H. Nelson Jackson from Burlington Vermont set out to drive this car across the country in 1903.  At that time there were almost no roads so he, his mechanic Sewall Crocker, and his dog were often stranded.  Despite mud, washouts, breakdowns and a lack of roads and bridges, they finished their trip from New York to California.




This exhibit of the young girl and her daddy farmer who drove a school bus during the depression reminded me of my mother’s stories of her farmer father driving a bus at that same time.  Like this girl, she rode along with him to her rural school.






The exhibits brought up stories for each of us.  When David was a young boy visiting his grandparents in Oklahoma several of the boys had one of these Cushman Pacemaker Scooters (left).  He has great memories of ramming around on it.






The museum’s exhibits are full of interactive opportunities like this old 50’s TV showing short clips of ‘Leave it to Beaver’ whose family had one of these Ford Country Squire Station Wagons from 1955.






I inherited a Schwinn bicycle like this one from my father’s sister.  He had bought it for her when he was home on leave from WW II the war.  Later, when she was grown,  he refurbished it for me.  Unfortunately she’s a good 5” taller than I am so the bike was always bigger and heavier than I liked.  But I used it for years to bike over to the library every Saturday to sit in the window seat and read.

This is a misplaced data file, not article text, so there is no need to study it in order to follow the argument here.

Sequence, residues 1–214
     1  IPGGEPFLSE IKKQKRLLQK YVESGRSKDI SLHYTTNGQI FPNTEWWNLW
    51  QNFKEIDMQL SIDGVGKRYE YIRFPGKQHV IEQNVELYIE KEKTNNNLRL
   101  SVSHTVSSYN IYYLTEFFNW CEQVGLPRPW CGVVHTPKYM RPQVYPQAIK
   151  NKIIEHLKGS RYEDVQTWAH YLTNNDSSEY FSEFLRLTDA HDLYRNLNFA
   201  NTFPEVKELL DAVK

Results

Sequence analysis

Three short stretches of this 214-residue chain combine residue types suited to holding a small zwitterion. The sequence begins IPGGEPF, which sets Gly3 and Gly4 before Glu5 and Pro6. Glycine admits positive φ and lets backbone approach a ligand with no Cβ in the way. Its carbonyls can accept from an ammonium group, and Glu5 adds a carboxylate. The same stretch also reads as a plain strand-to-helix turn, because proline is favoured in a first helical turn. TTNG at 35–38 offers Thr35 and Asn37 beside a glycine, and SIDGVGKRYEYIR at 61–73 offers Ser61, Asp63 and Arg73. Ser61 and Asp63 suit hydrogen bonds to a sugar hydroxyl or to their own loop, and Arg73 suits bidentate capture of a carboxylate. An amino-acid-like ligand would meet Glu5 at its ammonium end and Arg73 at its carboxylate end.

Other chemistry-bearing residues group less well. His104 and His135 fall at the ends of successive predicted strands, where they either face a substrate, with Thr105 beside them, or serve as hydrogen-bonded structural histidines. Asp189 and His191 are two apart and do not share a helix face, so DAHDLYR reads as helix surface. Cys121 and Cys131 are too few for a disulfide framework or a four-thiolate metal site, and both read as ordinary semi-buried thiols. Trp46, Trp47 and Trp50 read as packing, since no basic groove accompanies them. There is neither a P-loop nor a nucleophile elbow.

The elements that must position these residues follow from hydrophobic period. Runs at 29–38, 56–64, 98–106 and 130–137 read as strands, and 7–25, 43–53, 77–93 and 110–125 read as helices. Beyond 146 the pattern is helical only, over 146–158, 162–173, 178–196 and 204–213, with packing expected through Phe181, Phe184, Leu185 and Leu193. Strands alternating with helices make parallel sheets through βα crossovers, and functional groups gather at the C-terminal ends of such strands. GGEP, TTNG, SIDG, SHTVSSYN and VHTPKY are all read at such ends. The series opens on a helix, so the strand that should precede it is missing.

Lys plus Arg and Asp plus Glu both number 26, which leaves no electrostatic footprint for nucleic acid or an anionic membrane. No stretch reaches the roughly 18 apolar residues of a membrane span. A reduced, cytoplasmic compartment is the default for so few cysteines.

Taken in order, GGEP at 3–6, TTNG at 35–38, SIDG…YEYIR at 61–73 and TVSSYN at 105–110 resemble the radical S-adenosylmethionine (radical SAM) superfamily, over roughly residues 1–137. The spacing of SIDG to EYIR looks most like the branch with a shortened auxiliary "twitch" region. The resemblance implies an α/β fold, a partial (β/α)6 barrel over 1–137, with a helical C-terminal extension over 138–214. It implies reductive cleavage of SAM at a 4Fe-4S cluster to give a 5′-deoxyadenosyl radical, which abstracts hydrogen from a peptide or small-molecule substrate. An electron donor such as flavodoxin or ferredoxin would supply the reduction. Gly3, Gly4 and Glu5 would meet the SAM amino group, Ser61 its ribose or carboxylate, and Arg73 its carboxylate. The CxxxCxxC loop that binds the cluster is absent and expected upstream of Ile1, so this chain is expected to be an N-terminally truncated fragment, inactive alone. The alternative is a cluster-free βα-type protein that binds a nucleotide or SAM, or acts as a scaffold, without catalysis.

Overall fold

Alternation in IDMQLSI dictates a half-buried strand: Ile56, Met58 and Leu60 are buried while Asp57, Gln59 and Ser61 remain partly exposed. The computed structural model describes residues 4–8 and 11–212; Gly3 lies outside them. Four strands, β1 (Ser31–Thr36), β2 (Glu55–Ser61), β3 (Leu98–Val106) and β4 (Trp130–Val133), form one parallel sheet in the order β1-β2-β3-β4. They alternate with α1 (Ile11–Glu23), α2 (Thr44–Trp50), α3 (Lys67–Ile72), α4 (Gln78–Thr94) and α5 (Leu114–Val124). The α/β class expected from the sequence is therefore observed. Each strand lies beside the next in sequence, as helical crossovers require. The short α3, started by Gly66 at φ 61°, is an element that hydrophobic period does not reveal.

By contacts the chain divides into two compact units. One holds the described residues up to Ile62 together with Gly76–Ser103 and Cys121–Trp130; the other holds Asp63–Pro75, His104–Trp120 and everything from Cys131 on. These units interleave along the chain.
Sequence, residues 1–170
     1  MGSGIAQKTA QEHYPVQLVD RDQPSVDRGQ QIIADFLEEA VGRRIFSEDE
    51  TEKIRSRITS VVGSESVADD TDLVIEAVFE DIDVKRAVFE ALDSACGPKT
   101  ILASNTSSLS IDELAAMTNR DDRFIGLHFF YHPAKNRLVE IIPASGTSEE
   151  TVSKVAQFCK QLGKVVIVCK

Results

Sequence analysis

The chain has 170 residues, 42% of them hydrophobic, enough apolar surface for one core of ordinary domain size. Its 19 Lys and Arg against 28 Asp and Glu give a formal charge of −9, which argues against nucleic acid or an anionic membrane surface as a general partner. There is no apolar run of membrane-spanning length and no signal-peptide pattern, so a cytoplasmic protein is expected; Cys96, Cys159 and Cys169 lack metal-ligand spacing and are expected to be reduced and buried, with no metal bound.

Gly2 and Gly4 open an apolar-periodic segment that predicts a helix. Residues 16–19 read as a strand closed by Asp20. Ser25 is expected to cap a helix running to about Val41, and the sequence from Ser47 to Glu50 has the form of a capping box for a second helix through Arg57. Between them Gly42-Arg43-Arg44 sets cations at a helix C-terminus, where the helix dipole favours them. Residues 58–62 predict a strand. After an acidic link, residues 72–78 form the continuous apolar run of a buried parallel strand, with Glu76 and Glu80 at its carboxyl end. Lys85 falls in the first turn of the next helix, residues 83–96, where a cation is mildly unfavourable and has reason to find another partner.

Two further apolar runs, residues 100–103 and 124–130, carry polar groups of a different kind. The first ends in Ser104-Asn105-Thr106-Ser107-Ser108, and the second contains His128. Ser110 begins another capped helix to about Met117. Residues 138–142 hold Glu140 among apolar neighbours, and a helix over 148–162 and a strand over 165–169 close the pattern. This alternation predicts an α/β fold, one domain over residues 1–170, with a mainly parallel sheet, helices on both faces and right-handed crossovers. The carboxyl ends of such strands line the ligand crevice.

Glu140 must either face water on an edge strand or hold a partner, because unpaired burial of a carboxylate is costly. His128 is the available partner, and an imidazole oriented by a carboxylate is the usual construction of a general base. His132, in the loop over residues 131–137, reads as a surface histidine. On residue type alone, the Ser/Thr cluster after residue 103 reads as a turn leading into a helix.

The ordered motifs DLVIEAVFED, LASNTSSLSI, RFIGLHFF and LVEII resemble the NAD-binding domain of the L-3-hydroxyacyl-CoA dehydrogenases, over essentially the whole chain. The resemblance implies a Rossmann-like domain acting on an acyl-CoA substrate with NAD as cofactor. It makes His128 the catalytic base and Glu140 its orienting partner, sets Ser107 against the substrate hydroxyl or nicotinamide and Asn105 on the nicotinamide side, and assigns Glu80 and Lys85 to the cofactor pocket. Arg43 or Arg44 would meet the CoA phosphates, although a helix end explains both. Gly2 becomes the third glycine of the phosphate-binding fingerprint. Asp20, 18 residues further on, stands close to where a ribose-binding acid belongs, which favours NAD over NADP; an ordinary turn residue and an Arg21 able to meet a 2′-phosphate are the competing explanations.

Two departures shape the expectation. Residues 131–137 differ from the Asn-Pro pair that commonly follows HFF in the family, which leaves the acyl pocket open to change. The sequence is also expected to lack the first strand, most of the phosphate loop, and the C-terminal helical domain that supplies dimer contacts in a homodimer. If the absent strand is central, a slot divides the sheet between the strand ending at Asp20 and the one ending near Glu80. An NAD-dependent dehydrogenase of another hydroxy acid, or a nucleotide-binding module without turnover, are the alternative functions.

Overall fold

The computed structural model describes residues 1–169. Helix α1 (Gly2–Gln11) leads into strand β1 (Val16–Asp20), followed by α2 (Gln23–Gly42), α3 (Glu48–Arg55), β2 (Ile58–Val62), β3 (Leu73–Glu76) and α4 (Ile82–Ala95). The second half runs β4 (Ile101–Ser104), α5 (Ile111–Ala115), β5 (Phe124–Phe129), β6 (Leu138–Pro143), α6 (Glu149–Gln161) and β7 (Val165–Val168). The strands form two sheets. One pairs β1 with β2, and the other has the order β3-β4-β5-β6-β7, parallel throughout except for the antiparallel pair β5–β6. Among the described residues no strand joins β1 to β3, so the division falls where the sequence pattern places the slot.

And of course who can forget the big fins and boat cars of the 60’s like this 1967 Pontiac Grand Prix convertible.




But of course our favorite exhibit is the RV.  The exhibit explains that during the depression thousands of Americans took to living in their trailers year round (sound familiar?) Because trailer residents could pull up stakes easily, and because they did not pay real estate taxes, “trailerites” were seen as a social problem.   Wonder if that will happen again?  Are we social problems? Winking smile




This 1934 Travel-L-Coach house trailer is equipped with beds, kitchen, dining area, heat and electric lights.  More than 300 small firms made wooden vacation trailers in the 30’s.





A second favorite favorite exhibit is the entitled The Early Sixties: American Culture.   Lots of things here we remember from elementary, middle and high school. 

How many of you had to do the take cover drills?  Or bought a hamburger, fries and a coke for 15 cent each? Forty five cents for a meal.  Or a milk shake for 22 cents??







Rachel warned us in 1962 but we’re still not really listening.


And then there was “women’s liberation, ” helped along a great deal by the birth control pill.  Did you or your mother have a dispenser like this?




They highlighted 1964 with a number of 50 year old newspaper headlines on the floor.  These are only a few.  Really interesting to know all of these things happened in the same year.  Clever way to display them I thought.